Momentum to Delay Senate Sanctions Bill Until After Iranian Election

PHOTO: REUTERS

PHOTO: REUTERS


WASHINGTON – While the Senate Iran sanctions legislation has obtained influential bipartisan co-sponsorship, there is a growing understanding that the bill could be delayed until Tehran’s May 17 Presidential elections. Senator Bob Menendez (D-NJ) — a key supporter of the legislation — noted on Monday afternoon, “There are many people who believe that we should let the Iranian elections take place so that can’t be used as suggested somehow it (Senate bill) affected the elections. I can understand why there’s a universe that feels that way and I don’t think we are going to lose anything in terms of the sanctions and the consequences we want by waiting.”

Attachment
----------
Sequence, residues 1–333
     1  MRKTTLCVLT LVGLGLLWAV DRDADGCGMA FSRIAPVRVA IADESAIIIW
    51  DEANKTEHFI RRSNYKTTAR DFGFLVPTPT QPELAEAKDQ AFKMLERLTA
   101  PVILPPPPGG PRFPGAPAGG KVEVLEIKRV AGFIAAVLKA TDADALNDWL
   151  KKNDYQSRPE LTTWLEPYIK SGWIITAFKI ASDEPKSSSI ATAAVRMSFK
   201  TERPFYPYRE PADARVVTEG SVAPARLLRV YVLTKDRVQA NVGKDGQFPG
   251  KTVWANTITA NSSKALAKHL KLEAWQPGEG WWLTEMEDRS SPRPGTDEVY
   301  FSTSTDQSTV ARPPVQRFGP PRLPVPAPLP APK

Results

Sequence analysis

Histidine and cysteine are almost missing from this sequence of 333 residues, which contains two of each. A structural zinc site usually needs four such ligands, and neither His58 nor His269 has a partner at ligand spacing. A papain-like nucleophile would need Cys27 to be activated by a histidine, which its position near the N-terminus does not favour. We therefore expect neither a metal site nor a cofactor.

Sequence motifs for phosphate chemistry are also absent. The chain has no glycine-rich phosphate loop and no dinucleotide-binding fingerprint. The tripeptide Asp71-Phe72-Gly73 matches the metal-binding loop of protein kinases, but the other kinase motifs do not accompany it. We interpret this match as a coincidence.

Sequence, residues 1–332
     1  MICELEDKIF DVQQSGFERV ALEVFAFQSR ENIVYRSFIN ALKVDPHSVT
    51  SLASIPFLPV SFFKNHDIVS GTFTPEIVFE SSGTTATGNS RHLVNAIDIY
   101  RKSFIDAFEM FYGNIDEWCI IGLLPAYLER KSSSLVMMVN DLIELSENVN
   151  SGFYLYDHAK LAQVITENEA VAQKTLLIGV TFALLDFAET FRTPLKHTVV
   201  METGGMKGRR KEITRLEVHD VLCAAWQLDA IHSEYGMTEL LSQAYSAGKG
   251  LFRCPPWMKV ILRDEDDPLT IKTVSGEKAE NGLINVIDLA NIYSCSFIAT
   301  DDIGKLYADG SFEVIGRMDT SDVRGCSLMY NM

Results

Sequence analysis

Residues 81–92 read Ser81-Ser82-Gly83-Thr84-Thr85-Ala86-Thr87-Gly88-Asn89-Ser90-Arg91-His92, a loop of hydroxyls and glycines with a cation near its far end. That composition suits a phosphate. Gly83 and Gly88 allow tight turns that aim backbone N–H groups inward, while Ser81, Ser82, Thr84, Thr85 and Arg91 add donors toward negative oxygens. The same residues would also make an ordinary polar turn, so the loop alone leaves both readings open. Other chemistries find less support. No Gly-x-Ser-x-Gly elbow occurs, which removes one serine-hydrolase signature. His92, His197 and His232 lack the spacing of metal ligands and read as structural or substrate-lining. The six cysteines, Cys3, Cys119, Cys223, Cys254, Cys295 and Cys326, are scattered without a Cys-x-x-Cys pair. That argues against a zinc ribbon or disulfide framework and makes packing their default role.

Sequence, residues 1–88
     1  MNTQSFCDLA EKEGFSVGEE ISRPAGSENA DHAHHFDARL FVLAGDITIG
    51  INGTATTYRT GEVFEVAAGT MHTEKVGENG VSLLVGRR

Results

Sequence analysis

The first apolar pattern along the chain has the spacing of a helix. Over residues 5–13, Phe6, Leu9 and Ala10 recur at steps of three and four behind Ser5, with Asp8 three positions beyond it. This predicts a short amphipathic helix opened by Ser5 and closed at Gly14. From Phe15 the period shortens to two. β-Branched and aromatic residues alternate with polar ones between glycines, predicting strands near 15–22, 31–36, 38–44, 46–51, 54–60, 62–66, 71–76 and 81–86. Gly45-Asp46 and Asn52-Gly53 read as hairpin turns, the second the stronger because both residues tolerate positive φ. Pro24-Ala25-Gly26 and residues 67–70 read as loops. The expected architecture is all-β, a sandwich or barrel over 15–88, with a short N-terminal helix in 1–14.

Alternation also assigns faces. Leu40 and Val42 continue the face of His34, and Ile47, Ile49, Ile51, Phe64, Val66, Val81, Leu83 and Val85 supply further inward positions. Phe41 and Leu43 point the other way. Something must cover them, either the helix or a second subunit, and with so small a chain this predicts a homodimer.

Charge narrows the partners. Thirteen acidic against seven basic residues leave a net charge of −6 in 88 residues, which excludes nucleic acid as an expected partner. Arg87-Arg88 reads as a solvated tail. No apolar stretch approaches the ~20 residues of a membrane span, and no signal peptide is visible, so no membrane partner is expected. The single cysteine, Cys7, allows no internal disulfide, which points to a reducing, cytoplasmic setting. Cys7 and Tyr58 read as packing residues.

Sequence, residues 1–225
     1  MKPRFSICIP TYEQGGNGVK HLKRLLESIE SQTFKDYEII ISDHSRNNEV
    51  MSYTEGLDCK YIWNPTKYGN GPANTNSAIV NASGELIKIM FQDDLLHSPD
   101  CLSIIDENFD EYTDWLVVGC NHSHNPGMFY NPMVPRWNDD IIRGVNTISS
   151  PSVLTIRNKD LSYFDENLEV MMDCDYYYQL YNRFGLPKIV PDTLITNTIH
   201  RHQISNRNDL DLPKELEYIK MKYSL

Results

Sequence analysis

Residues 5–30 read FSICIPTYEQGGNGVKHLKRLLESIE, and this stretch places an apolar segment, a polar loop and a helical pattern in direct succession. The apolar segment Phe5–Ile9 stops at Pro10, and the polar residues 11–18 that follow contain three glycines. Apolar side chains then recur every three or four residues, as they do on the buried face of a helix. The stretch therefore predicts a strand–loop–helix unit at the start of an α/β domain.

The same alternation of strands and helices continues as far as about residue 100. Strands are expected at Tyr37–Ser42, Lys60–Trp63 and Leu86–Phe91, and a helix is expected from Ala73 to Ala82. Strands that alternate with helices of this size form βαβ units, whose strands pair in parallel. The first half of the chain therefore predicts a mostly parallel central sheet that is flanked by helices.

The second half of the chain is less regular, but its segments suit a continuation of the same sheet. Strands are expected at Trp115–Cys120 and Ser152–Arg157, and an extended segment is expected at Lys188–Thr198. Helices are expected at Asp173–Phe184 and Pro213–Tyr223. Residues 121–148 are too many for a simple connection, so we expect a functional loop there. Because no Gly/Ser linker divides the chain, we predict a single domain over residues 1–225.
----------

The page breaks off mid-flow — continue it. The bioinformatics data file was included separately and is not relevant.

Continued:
Iranian President Hassan Rouhani has campaign on the economic benefits of the nuclear agreement with the United States, and there is a concern that new US sanctions would reward more hardline candidates and impact the elections.

While Chairman of the Senate Foreign Relations Committee (SFRC) Bob Corker (R-TN) would prefer that the sanctions bill not wait until after the May 17 Presidential elections, he acknowledged, “I do think there are others who would like to see that happen.”

The Tennessee lawmaker added that his “counterparts” have urged that the SFRC proceed with both the Russian and Iranian sanctions bills at the same time.


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